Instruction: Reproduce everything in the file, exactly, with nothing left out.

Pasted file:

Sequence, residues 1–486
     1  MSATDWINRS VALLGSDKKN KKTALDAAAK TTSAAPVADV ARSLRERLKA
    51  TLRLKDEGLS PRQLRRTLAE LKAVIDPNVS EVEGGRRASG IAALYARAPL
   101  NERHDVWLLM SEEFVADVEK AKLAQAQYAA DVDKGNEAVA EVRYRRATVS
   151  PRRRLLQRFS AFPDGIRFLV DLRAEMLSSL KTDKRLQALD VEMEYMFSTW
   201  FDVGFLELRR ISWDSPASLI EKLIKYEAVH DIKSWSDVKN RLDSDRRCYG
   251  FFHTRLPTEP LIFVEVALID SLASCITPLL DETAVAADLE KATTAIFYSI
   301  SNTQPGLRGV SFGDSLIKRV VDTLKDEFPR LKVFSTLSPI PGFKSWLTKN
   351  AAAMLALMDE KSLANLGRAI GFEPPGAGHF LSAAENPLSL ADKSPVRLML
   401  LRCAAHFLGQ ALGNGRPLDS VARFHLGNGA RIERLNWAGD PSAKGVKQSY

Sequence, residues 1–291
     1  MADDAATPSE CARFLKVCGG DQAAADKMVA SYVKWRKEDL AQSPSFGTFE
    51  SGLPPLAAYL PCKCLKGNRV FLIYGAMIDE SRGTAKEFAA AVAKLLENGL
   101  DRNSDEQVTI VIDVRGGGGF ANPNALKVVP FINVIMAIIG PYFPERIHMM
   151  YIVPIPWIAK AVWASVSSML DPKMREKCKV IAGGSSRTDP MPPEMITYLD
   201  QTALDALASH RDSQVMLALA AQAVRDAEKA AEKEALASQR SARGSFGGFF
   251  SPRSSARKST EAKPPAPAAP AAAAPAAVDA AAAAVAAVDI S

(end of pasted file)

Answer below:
Sequence, residues 1–486
     1  MSATDWINRS VALLGSDKKN KKTALDAAAK TTSAAPVADV ARSLRERLKA
    51  TLRLKDEGLS PRQLRRTLAE LKAVIDPNVS EVEGGRRASG IAALYARAPL
   101  NERHDVWLLM SEEFVADVEK AKLAQAQYAA DVDKGNEAVA EVRYRRATVS
   151  PRRRLLQRFS AFPDGIRFLV DLRAEMLSSL KTDKRLQALD VEMEYMFSTW
   201  FDVGFLELRR ISWDSPASLI EKLIKYEAVH DIKSWSDVKN RLDSDRRCYG
   251  FFHTRLPTEP LIFVEVALID SLASCITPLL DETAVAADLE KATTAIFYSI
   301  SNTQPGLRGV SFGDSLIKRV VDTLKDEFPR LKVFSTLSPI PGFKSWLTKN
   351  AAAMLALMDE KSLANLGRAI GFEPPGAGHF LSAAENPLSL ADKSPVRLML
   401  LRCAAHFLGQ ALGNGRPLDS VARFHLGNGA RIERLNWAGD PSAKGVKQSY

Sequence, residues 1–291
     1  MADDAATPSE CARFLKVCGG DQAAADKMVA SYVKWRKEDL AQSPSFGTFE
    51  SGLPPLAAYL PCKCLKGNRV FLIYGAMIDE SRGTAKEFAA AVAKLLENGL
   101  DRNSDEQVTI VIDVRGGGGF ANPNALKVVP FINVIMAIIG PYFPERIHMM
   151  YIVPIPWIAK AVWASVSSML DPKMREKCKV IAGGSSRTDP MPPEMITYLD
   201  QTALDALASH RDSQVMLALA AQAVRDAEKA AEKEALASQR SARGSFGGFF
   251  SPRSSARKST EAKPPAPAAP AAAAPAAVDA AAAAVAAVDI S